SENDAI/TOKYO (Reuters) - The debris left by the tsunami that tore apart Japan’s northeast coast three weeks ago is slowly being cleared but the two train cars washed up to the front of the Sugawara family home are proving far more troublesome.
The magnitude 9.0 earthquake and the tsunami as high as a five-story building it triggered caused Japan’s biggest humanitarian crisis since it rebuilt from the rubble after World War Two, leaving 350,000 homeless and more than 250 km of coastline in shambles.
Japan has made enormous strides in clearing roads, providing shelter and recovering bodies but it has extended little to rebuild the lives of the hundreds of thousands who lost everything in the disaster and are now looking for ways out of overcrowded evacuee shelters.
Yusuke Sugawara, 78, has taken in his brother’s family whose home in the Sendai suburb of Higashi Matsumura was slammed by the tsunami and now is littered with debris such as ships and train carriages dumped randomly when the wall of water withdrew.
“We read about the temporary houses in the paper, but so far they just seem to be working on them,” he said.
Japan has unrolled a variety of programs, but most offer only partial solutions to life-altering problems and put the burden on the evacuees to seek help at local government offices that may have been washed away by the tsunami or are unreachable because their car is at the bottom of the sea.
An unfolding nuclear crisis has diverted attention from the devastation caused to lives and added to the financial burden for the world’s third largest economy of the incident it estimates has caused $300 billion in damages — likely making it the world’s most costly natural disaster.
The tsunami killed or left missing more than 27,500, leading to daily mass burials in cities along the coast, a once unthinkable idea in a nation where the deceased are almost always cremated and their ashes placed in stone family tombs.
Three weeks after the tsunami, temporary housing has been built for only a handful of families. Gasoline and food remain in short supply. Power has yet to be restored to large areas and cigarettes are a scarce commodity in the northeast where many like to puff their way through problems.
“We have long, medium and short-term plans to address the problem but so far we have been focusing on the short-term issues” said Noriyuki Shikata, the government’s deputy cabinet secretary for public relations.
But many of those plans offer only imperfect solutions.
Japan has made available more than 42,000 units of housing it built for civil servants and others to evacuees but the homes are spread out around the country, with only about 1,000 units open in the three prefectures hardest hit by the tsunami.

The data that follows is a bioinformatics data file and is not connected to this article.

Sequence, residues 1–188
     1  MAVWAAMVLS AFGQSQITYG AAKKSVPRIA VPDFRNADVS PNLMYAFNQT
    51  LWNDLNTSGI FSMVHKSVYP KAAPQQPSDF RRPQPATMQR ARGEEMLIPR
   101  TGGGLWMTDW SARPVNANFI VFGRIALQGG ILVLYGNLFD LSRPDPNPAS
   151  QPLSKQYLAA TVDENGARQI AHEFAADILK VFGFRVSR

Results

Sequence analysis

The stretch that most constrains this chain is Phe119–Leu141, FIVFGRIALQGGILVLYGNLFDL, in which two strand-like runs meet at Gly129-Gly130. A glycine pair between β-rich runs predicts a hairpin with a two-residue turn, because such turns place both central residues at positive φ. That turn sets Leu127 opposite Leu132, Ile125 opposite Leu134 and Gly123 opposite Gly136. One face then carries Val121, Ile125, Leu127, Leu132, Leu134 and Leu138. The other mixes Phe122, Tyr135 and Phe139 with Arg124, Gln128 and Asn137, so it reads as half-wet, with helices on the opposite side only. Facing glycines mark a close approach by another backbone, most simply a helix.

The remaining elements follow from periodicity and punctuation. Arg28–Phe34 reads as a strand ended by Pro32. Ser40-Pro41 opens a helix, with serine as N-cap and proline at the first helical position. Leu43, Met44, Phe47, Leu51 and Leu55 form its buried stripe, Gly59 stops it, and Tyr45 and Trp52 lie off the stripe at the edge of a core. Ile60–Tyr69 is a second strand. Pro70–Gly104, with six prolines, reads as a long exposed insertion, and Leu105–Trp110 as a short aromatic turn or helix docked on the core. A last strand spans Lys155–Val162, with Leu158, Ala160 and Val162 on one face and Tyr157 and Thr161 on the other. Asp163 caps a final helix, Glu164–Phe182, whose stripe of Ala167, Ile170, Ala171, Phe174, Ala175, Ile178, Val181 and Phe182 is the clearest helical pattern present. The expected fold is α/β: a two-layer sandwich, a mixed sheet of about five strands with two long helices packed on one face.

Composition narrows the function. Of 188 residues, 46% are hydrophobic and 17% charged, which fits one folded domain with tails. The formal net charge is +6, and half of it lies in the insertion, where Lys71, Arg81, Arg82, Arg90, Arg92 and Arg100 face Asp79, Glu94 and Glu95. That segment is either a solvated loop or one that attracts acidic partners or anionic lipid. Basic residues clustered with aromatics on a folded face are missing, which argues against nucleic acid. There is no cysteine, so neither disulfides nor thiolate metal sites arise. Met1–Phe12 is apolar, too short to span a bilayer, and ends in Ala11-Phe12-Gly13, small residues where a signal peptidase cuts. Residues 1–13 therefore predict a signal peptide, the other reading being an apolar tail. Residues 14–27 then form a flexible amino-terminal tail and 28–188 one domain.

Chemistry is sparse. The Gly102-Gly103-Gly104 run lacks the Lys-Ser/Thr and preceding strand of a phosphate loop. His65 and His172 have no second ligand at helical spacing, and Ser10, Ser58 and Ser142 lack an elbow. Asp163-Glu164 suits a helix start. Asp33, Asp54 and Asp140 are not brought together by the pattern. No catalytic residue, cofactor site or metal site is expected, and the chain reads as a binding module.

It is offering amnesty on auto taxes, provided people can prove that their car is gone, which could be impossible since many vehicles were washed out to sea or wrecked beyond recognition when they were swept up in a soup of destruction.
It is offering 100,000 yen ($1,202) in immediate loans for living expenses for people who will have to rebuild everything after escaping with only the clothes on their backs. Even with the money, there is still little to buy in stores and few professionals for hire to help in any repairs.
Regional banks have stepped up with emergency loans of up to 7 million yen ($84,175) to help people rebuild lost homes and up to 30 million yen ($360, 750) for businesses.
The humanitarian concerns has been compounded by the nuclear crisis, which has led to 70,000 people living within a 20 km (12.4 miles) ring of the plant leaking radiation to leave their homes. Another 136,000 who live in a 10-km (6-mile) band beyond that have been encouraged to leave or to stay indoors.
The list of challenges for rebuilding after the tsunami and radiation leaks appears daunting.
About half a million people may need new housing. Mass tracks of farmland face soil problems after being saturated with seawater from the tsunami.
The Fukushima farm sector, which once proudly put the prefecture’s name on its rice, fruits and vegetables that went to market, will face the burden of trying to sell its products now that the Fukushima name is synonymous with nuclear disaster.
The tsunami wiped out the fishing industry in Iwate, where about 80 percent of the income comes from aquatic farming off the coast and the radiation leaking into the sea off Fukushima has tainted the reputation of all marine goods from the northeast.
There have been no decisions on what to do with the cities and towns erased by a wall of water. Many of them have fallen in elevation by as much as one meter due to soil erosion and now floods at high tide.
Then there is the question to do with vast fields of irradiated soil near the crippled Fukushima nuclear plant north of Tokyo.
Ken Pepperling, an Oregon-based expert in the treatment of contaminated soils for ADT Environmental Solutions, said Japanese authorities might have to collect and store massive quantities of radioactive soil around the plant as part of a second phase in their response to the crisis.
Victims know they will not be abandoned by the Japanese government and have heard about the hundreds of millions of dollars in overseas aid that will be heading their way.
Yoshihide Yajima, a 61-year-old construction worker who was directing traffic for the steady stream of trucks passing by the port in Higashi Matsumura, said the government was doing the best it can.
“It doesn’t really matter which party is in power, you can’t really prepare for this sort of thing.